Four individuals formed TAE in early 2011 as an information network. American Principles Project pays for TAE web hosting and domain renewal. Annually the web hosting costs are approximately $100 and the domain renewal is $14.95. Other than this, TAE accepts no funds and has no funding source.
TAE is a true grassroots network. It is not a foundation, a non-profit, or an organization. TAE has no officers, no employees, no staff, no offices, and no expenses (other than web hosting and domain costs). TAE has no funds, no budget, no bank account, and no system in place to handle funds. TAE freely provides and shares available information within our extended network and to the public.
Truth in American Education
Truth in American Education (TAE) shines a beacon of light directly on the government’s behind-the-scenes efforts to drastically alter American education. As taxpayers, parents and concerned citizens, we believe that proper respect for the American people requires that major educational changes be subject to an open and public discussion prior to approval and implementation, not the other way around.
In particular, TAE focuses on the interrelated system of national standards, national curriculum and national testing connected to Washington’s Race to the Top (RTTT) program, although both the RTTT program and the proposed reauthorization of the original Elementary and Secondary Education Act (ESEA) of 1965, whose most recent reauthorization appeared as the No Child Left Behind Act (NCLB) of 2001, also presented historic changes in public education. The top-down mandates and billions of dollars spent according to the NCLB Act did little to benefit improved education results for all students.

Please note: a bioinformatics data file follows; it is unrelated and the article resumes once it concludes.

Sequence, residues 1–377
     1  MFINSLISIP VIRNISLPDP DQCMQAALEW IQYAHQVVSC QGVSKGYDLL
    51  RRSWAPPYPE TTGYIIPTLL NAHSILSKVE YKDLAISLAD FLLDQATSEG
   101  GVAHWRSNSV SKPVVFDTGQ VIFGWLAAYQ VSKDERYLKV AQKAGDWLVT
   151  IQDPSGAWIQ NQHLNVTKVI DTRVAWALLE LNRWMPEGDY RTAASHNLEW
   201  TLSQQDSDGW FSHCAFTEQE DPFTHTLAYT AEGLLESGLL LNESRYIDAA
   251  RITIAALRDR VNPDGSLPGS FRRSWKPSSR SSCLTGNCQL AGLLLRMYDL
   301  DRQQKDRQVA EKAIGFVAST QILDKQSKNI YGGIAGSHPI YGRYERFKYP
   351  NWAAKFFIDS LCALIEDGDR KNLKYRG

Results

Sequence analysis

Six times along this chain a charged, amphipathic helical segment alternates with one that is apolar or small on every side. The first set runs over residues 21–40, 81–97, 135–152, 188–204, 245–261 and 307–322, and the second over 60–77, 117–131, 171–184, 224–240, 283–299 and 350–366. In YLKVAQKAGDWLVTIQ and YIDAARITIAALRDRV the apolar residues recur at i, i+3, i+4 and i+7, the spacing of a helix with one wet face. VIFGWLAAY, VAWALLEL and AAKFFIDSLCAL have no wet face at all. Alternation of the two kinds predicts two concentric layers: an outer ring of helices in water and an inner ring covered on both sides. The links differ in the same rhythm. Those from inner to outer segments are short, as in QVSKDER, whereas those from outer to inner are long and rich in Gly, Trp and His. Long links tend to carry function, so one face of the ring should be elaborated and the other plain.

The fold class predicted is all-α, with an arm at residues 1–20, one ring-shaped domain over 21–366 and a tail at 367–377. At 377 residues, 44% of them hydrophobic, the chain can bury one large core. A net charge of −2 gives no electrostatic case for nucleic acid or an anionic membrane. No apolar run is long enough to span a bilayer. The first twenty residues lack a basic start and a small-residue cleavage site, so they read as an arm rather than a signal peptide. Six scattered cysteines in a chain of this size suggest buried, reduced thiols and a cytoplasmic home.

Americans rightly have voiced these concerns that we address:
- Operating outside of the system of checks and balances that Americans rely on is dangerous to our freedoms. They are an affront to parents’ rights, the 10th Amendment and our tradition of local control over education.
- The mixing of public, corporate and foundation money without proper accountability is troublesome, as taxpayers contribute a significant portion of education funding.
- A one-size-fits-all set of national standards, curriculum and testing controlled by a few will affect us all.
- Impacts to public school, private school and home school education will be felt, as mandates increase and curriculum choices will diminish.
- Students are not widgets and require individualized learning. More top-down control is not in the best interests of educating individual students.
Truth in American Education provides information to parents, taxpayers, school board members, educators and legislators who are concerned about these issues. At the heart of it, the disposition of these issues will determine whether the federal government and elite, special interest groups have the right to form the hearts and minds of children and whether we will reject, or affirm, the concepts laid down by our founding principles.
Current information about the Common Core State Standards Initiative (CCSSI), CCSSI-related assessments, RTTT, privacy issues, state longitudinal data systems (SLDS), and the ESEA is provided for individuals and organizations to understand and to take action on behalf of our students.
The CCSSI is a major connecting thread tying the Common Core State Standards (CCSS), CCSS assessments, RTTT, SLDS, and ESEA together. The assessments developed by two non-public entities, the Partnership for the Assessment of Readiness for College and Careers (PARCC) and the SMARTER Balanced Assessment Consortium (SBAC), will assess the CCSS. PARCC and SBAC are funded with RTTT grant funds. RTTT criteria called for states to adopt common standards and implement longitudinal data systems. Student assessment data will be included in the state longitudinal data systems (SLDS). The reauthorization of ESEA/NCLB, A Blueprint for Reform, promotes the adoption of common standards and will require SLDS.
The four-minute video above (second one, in the middle) produced by the Heritage Foundation does an excellent job of highlighting loss of local control and other issues related to adoption of the CCSS.